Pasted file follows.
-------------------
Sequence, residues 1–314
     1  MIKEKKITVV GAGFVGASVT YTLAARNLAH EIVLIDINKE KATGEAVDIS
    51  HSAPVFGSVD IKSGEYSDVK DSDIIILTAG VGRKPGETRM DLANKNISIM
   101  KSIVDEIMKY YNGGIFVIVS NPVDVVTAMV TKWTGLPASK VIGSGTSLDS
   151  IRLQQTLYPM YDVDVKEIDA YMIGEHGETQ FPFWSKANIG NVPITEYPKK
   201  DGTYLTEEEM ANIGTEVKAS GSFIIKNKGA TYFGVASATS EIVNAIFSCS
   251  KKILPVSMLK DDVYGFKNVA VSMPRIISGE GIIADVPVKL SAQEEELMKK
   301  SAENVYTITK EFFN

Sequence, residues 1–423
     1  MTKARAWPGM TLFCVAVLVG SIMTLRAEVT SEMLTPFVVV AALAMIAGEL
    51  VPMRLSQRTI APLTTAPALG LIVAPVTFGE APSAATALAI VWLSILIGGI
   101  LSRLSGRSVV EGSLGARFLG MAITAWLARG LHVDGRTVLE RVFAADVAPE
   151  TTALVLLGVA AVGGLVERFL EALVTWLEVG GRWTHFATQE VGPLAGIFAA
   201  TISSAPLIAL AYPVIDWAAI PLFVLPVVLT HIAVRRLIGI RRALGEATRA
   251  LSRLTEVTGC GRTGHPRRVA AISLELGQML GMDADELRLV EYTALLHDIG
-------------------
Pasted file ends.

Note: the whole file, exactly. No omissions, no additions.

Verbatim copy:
Sequence, residues 1–314
     1  MIKEKKITVV GAGFVGASVT YTLAARNLAH EIVLIDINKE KATGEAVDIS
    51  HSAPVFGSVD IKSGEYSDVK DSDIIILTAG VGRKPGETRM DLANKNISIM
   101  KSIVDEIMKY YNGGIFVIVS NPVDVVTAMV TKWTGLPASK VIGSGTSLDS
   151  IRLQQTLYPM YDVDVKEIDA YMIGEHGETQ FPFWSKANIG NVPITEYPKK
   201  DGTYLTEEEM ANIGTEVKAS GSFIIKNKGA TYFGVASATS EIVNAIFSCS
   251  KKILPVSMLK DDVYGFKNVA VSMPRIISGE GIIADVPVKL SAQEEELMKK
   301  SAENVYTITK EFFN

Sequence, residues 1–423
     1  MTKARAWPGM TLFCVAVLVG SIMTLRAEVT SEMLTPFVVV AALAMIAGEL
    51  VPMRLSQRTI APLTTAPALG LIVAPVTFGE APSAATALAI VWLSILIGGI
   101  LSRLSGRSVV EGSLGARFLG MAITAWLARG LHVDGRTVLE RVFAADVAPE
   151  TTALVLLGVA AVGGLVERFL EALVTWLEVG GRWTHFATQE VGPLAGIFAA
   201  TISSAPLIAL AYPVIDWAAI PLFVLPVVLT HIAVRRLIGI RRALGEATRA
   251  LSRLTEVTGC GRTGHPRRVA AISLELGQML GMDADELRLV EYTALLHDIG